After one of the wettest Novembers on record, I’ve had to get a bit creative with my route planning. The usual off-road routes have slowly been replaced with more bitumen and highways. At first this felt like a bitter pill to swallow, but the more time I spend back on the roads, the more I’m appreciating them.
This route from Canberra to Collector is a popular road cycling route that heads out along the highway and has a halfway stop at Some Cafe. We took that route as our base, but added a smattering on dirt on the return leg just to keep it interesting.
Canberra to Collector
There’s no hiding the fact that the route out to Collector from Canberra involves riding along the side of a fairly busy highway for most of the way. As you climb out of Canberra, there’s a pretty good shoulder for the first 13km until you reach the Tulip Farm.
At this point, you turn off the Federal Highway onto the Old Federal Highway, and what a treat this is! You follow the old highway for the next 15km and we didn’t see a single car for that entire section. There were plenty of road cyclists out there enjoying the quiet open road.
About 30km into the ride, you leave the old highway and emerge to a viewing platform across Lake George. The usually dry lake was unusually full with water following all of the aforementioned rain.
From Lake George you’re back on the side of the main highway again for a flat and hopefully tailwind assisted 20km pedal to Collector.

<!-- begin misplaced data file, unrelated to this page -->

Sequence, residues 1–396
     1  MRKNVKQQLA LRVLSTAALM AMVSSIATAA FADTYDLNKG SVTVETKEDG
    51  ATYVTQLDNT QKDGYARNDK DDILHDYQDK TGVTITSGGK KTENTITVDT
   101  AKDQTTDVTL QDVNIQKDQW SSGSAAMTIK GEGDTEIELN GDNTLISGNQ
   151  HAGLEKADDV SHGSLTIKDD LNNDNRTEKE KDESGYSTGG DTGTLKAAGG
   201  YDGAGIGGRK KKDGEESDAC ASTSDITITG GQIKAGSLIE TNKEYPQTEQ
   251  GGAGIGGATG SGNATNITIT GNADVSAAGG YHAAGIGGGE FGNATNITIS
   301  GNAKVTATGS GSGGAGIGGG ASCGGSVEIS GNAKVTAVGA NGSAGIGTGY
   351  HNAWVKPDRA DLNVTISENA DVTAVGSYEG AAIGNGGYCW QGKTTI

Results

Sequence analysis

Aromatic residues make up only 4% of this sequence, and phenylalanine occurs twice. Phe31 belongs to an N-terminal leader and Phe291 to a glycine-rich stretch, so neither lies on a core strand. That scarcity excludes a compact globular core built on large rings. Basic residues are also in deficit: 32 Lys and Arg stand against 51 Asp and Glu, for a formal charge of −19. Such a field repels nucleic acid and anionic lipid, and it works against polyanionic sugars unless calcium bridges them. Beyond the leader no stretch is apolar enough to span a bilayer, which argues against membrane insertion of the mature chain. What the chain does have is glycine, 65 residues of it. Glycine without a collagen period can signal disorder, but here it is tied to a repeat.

Turn off the highway at the sign to Collector and it’s another easy km to Some Cafe just as you enter town.
Collector to Canberra
Following coffee, sausage rolls, croissants and avocado on toast (not all mine), then another coffee, we were back on the bikes for the return leg.
Instead of returning via the highway, we turned right just beforehand onto Collector Road. This would take us up a steep climb and onto Marked Tree Road – the first taste of dirt under our wheels.
At the time of riding, Marked Tree Road was smooth and firm with only very occasional rough sections for its duration.
After about 18km the dirt runs out and you are back on the bitumen for a long, fast descent that takes you nearly all the way to Gundaroo. If you were looking for another cafe here, there were several to choose from and as we were pedalling through we were making plans for a return.
Gundaroo to the edge of Canberra at Forde was, personally, the least enjoyable section of the entire route. The road was fine, but there was very little shoulder to speak of and cars were flying past a little close for comfort.
With relief we reached Forde and followed dedicated bike paths for the final km home. At Forde you could just as easily join the Centenary Trail to Hall, or through Mulligans Flat, to extend the ride.